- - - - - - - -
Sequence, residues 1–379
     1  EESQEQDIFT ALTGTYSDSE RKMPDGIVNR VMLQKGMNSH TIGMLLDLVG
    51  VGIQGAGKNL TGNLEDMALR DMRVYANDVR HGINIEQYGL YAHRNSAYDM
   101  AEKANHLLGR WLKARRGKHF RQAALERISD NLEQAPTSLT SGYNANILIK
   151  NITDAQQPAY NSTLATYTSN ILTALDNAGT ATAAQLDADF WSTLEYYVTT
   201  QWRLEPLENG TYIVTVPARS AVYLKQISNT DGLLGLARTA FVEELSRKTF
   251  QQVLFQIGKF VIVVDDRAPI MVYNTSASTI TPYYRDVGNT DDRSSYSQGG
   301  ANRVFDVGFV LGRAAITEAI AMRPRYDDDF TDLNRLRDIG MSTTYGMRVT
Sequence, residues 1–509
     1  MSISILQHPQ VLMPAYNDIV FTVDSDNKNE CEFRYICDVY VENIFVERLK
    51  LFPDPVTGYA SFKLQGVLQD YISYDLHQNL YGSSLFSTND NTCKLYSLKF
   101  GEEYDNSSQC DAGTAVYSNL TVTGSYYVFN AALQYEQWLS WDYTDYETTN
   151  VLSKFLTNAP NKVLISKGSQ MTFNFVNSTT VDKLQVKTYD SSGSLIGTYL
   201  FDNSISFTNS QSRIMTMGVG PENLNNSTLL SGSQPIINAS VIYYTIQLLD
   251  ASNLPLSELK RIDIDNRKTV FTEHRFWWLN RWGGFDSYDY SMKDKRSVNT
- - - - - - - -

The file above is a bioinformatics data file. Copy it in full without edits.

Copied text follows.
Sequence, residues 1–379
     1  EESQEQDIFT ALTGTYSDSE RKMPDGIVNR VMLQKGMNSH TIGMLLDLVG
    51  VGIQGAGKNL TGNLEDMALR DMRVYANDVR HGINIEQYGL YAHRNSAYDM
   101  AEKANHLLGR WLKARRGKHF RQAALERISD NLEQAPTSLT SGYNANILIK
   151  NITDAQQPAY NSTLATYTSN ILTALDNAGT ATAAQLDADF WSTLEYYVTT
   201  QWRLEPLENG TYIVTVPARS AVYLKQISNT DGLLGLARTA FVEELSRKTF
   251  QQVLFQIGKF VIVVDDRAPI MVYNTSASTI TPYYRDVGNT DDRSSYSQGG
   301  ANRVFDVGFV LGRAAITEAI AMRPRYDDDF TDLNRLRDIG MSTTYGMRVT
Sequence, residues 1–509
     1  MSISILQHPQ VLMPAYNDIV FTVDSDNKNE CEFRYICDVY VENIFVERLK
    51  LFPDPVTGYA SFKLQGVLQD YISYDLHQNL YGSSLFSTND NTCKLYSLKF
   101  GEEYDNSSQC DAGTAVYSNL TVTGSYYVFN AALQYEQWLS WDYTDYETTN
   151  VLSKFLTNAP NKVLISKGSQ MTFNFVNSTT VDKLQVKTYD SSGSLIGTYL
   201  FDNSISFTNS QSRIMTMGVG PENLNNSTLL SGSQPIINAS VIYYTIQLLD
   251  ASNLPLSELK RIDIDNRKTV FTEHRFWWLN RWGGFDSYDY SMKDKRSVNT